Oct. 2 (UPI) -- North Carolina Gov. Roy Cooper announced two additional deaths related to Hurricane Florence on Tuesday, bringing the storm's nationwide death toll to 50.
His office said 39 deaths in the state have been blamed on Florence, including the two latest.
On Sept. 21, a 47-year-old Duplin County man died from a head injury sustained when he fell from a ladder while cleaning up damage from the storm. On Sept. 22, a 69-year-old Pended County man died when he fell from a roof while cleaning up storm debris.
"Florence cut a broad path of death and destruction through our state and we will not soon forget this storm or the lives it claimed," Cooper said. "For people working to recover, applying with [the Federal Emergency Management Agency] is the single most important thing you can do. If you suffered damage from Florence, make sure you apply for assistance right away."
In addition to the 39 dead in North Carolina, officials believe Florence is responsible for at least nine deaths in South Carolina and two in Virginia.
North Carolina lawmakers returned to Raleigh on Tuesday for an emergency session to get relief flowing to the storm-ravaged parts of the state, the Charlotte Observer reported. Activists called for more state funds to offset the sometimes slow dispersal of federal funds.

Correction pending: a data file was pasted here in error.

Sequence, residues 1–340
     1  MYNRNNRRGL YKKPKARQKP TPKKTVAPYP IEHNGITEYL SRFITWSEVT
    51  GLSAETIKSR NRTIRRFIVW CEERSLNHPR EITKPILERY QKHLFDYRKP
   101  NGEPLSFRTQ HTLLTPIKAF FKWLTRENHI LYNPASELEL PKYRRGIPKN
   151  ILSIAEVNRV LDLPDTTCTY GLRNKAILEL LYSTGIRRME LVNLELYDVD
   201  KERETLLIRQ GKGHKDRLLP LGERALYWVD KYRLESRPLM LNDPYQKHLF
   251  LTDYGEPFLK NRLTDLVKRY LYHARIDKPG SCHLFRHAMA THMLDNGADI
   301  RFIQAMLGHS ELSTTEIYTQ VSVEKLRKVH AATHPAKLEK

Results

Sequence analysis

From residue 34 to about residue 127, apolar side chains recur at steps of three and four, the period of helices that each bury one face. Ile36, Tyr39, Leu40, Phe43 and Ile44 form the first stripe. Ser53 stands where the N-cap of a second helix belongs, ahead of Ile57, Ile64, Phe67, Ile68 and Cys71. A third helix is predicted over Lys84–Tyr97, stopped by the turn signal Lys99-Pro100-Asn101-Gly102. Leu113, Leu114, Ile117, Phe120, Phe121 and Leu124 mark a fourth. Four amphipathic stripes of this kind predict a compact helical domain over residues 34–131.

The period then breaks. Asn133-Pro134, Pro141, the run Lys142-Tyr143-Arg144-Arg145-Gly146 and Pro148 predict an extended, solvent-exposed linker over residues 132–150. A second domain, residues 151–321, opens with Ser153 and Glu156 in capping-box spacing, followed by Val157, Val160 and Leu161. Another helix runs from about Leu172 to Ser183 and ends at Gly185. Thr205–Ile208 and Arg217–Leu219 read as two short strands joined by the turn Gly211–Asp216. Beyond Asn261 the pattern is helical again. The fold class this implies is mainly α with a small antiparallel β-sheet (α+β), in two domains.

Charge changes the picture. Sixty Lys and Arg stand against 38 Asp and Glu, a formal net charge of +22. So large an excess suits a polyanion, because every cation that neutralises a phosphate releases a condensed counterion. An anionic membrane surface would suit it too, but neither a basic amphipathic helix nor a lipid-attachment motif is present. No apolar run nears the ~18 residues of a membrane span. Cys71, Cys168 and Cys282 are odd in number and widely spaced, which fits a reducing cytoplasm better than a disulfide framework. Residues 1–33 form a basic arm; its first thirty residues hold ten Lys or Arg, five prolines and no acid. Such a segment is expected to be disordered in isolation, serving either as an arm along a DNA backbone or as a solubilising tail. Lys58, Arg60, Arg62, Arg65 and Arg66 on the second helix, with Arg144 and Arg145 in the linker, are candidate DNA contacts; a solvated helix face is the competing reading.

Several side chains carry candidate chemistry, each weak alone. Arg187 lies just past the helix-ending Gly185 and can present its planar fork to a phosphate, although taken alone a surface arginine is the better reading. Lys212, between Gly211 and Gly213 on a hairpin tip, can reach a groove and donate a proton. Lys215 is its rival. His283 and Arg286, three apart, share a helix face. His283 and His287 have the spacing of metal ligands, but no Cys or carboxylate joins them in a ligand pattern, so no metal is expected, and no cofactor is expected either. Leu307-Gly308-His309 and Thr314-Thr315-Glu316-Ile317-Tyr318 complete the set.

"Me and my family lost everything in Hurricane Matthew," Lumberton resident Kelvin Thompson said. "And then here comes Hurricane Florence, and I haven't even recovered from Hurricane Matthew. And FEMA didn't give us the assistance we needed to get back on our feet. So we need funds and assistance in our area."
Meanwhile, there have been 134 price-gouging complaints filed in South Carolina, mostly for essential items like gas, water and ice, said Robert Kittle, spokesman for the South Carolina Attorney General's Office.
He said some complaints have been dismissed because they didn't meet the minimum legal definition of price gouging, but others were under investigation.